Challenger has seen these results firsthand. His company sanctions an official fantasy football league.

“We have a trophy that you get your name engraved on at the end of each season and get to keep that on your desk all year,” he says. “So, it’s kind of a fun non-monetary incentive.”

Vaez-Zadeh’s workplace doesn’t run an official league, but he says members of the leadership team do participate in the office fantasy football league.

Of course, everyone wants to win, but for Vaez-Zadeh, a key benefit of fantasy football is keeping in touch and interacting with old friends during the 17-week NFL season.

“A lot of you will do a live draft, so everyone plans a weekend to get together so you get to see each other,” he says. “Every year, you already have something on the books where you’ll see each other again. It gives you bragging rights for the year, too.” (VOA)

Next Story

Why Young Americans Are Not Moving A Lot Since The Great Recession

Young American adults are staying put more since the Great Recession, but when they do move, they’re not going to the same places as they did before the economic downturn

0
US, America, Millennials, Migration
Frey, who keeps expecting millennial migration rates to pick up, is disappointed with the numbers. Wikimedia Commons

Young Americans are staying put more since the Great Recession, but when they do move, they’re not going to the same places as they did before the economic downturn of 2007-2009.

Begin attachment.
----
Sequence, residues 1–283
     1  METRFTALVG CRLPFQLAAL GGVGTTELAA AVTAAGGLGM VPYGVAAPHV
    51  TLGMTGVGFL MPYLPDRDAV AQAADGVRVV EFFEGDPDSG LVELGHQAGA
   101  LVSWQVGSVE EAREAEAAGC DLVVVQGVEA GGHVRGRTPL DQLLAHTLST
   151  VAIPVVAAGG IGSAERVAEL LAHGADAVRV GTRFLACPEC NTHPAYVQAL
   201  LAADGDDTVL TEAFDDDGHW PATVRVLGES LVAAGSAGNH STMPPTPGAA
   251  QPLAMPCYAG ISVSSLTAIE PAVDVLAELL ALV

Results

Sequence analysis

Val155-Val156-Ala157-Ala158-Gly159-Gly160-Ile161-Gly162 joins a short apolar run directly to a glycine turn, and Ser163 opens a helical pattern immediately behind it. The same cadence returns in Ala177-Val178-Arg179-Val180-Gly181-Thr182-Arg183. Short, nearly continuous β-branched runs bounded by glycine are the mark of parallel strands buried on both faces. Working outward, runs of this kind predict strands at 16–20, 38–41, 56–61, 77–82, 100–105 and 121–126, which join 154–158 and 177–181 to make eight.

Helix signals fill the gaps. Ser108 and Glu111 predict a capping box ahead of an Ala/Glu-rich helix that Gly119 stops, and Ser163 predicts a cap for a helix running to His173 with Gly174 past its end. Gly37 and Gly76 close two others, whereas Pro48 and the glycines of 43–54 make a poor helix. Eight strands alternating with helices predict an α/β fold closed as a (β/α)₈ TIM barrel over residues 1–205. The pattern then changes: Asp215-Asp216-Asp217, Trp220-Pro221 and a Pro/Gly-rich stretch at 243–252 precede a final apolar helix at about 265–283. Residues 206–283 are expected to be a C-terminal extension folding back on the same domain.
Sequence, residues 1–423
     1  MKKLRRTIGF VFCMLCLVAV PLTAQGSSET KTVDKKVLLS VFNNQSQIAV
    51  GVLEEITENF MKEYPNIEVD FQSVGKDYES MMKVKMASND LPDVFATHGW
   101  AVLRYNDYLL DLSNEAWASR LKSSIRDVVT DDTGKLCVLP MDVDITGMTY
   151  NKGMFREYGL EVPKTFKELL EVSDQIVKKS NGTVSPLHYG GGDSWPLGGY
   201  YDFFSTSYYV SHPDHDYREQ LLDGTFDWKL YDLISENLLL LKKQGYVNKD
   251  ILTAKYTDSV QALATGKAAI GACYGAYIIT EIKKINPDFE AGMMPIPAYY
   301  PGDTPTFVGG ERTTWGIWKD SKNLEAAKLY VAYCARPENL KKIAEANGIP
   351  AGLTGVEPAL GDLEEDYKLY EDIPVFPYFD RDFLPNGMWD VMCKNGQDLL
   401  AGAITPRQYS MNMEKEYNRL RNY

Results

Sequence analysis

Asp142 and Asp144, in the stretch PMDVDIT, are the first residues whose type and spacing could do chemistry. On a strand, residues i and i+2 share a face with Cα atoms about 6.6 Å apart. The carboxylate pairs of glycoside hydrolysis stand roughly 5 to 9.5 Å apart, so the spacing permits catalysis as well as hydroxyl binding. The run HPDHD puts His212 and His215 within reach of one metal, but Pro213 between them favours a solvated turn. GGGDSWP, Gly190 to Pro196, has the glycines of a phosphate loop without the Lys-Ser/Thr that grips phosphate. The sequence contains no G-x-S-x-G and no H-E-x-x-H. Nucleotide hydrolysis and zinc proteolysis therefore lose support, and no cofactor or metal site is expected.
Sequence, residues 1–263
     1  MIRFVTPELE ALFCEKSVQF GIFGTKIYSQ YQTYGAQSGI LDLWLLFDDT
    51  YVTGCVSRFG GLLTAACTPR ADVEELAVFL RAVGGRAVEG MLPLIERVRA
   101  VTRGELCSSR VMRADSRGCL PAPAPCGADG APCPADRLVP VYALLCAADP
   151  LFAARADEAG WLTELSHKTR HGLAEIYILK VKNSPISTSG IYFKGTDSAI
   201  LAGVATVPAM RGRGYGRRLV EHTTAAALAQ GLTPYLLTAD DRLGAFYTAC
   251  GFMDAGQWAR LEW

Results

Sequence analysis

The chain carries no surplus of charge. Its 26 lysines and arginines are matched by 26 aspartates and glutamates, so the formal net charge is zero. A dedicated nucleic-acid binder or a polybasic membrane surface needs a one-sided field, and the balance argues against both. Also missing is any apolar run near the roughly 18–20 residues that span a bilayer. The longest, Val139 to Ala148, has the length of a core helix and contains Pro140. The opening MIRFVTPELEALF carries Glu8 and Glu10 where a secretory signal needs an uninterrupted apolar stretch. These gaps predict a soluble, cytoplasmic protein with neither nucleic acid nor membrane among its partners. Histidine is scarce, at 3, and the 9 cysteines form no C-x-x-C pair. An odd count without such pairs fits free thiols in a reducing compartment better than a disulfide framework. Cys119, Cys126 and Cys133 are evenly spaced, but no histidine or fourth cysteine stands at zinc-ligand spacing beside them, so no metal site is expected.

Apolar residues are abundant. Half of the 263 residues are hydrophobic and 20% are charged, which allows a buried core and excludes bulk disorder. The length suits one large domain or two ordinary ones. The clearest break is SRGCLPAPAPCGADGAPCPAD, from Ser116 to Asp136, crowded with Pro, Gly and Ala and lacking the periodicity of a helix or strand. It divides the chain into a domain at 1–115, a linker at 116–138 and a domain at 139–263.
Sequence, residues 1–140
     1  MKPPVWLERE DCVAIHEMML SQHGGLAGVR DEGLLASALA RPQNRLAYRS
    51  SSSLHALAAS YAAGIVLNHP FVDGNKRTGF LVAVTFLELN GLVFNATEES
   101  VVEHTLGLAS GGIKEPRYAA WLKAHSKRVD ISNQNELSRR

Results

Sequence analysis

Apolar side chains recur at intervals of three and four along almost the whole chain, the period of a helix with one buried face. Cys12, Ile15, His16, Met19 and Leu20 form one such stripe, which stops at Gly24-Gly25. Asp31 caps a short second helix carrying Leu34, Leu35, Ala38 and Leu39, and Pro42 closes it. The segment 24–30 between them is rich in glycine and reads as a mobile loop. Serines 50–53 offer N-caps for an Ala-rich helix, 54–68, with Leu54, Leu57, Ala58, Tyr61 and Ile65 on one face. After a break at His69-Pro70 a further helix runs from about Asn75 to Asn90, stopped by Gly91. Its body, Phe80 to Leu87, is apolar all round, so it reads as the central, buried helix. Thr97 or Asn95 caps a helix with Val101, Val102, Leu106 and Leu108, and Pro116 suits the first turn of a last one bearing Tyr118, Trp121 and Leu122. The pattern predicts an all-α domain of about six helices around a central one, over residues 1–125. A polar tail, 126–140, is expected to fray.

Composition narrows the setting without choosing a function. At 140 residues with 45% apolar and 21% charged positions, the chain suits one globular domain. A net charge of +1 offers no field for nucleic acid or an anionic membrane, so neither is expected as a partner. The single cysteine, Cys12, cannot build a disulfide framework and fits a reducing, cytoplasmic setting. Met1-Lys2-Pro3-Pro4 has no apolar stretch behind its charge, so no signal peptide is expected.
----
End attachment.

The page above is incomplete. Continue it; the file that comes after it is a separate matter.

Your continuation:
In the three years leading up to the recession, more Americans in their 20s and 30s headed to Riverside (California), Phoenix, Atlanta, Houston and Charlotte (North Carolina), according to the U.S. Census Bureau’s American Community Survey.

“Those were more kind of ‘We’re coming there to buy a house and get a job and make things go,’” says demographer William Frey of the Brookings Institution.

Things changed during the recession and in the years that followed.

From 2007 to 2012, America’s metro areas that gained the most millennials were Denver, Houston, Washington, D.C.; Austin (Texas) and Seattle. From 2012 to 2017, the metropolitan areas with the highest net millennial migration were Houston, Denver, Dallas, Seattle and Austin.

US, America, Millennials, Migration
Where US millennials are moving. VOA

“Young people may not be finding the job that they want and they’re not be able to buy a home that they’d like to buy,” Frey says. “At least they want to be in a place maybe where the action is for younger people, the kind with a young person’s amenities, or what you might call places with a cool factor.”

Overall, U.S. millennials are moving at the lowest rate since at least 1996. In 2017, their migration rate was 17%, well below the pre-recession number of almost 23%.

Frey, who keeps expecting millennial migration rates to pick up, is disappointed with the numbers.

“Migration is good for the economy in the sense that people are more able to adapt to changing economic circumstances… if they move to places where jobs are being created,” Frey says.

ALSO READ: US And Brazil Agree To Promote Development In The Amazon

“Especially if it’s a movement to purchase a home and to start investing in their future in terms of wealth creation and so forth. I think that’s important so that they’re not stuck in a way that makes them feel like they’re being left behind.”

Frey sees signs that millennials are starting to move to the suburbs and smaller metropolitan areas, as well as to cities located in the interior part of the United States rather than on either the East or West Coast.

“I’m suggesting that when we look at the next round of migration rates, when they come out, we’re going to see a little bit more movement to those kind of more, you know, economically viable and prosperous areas rather than to the cooler areas,” he says. (VOA)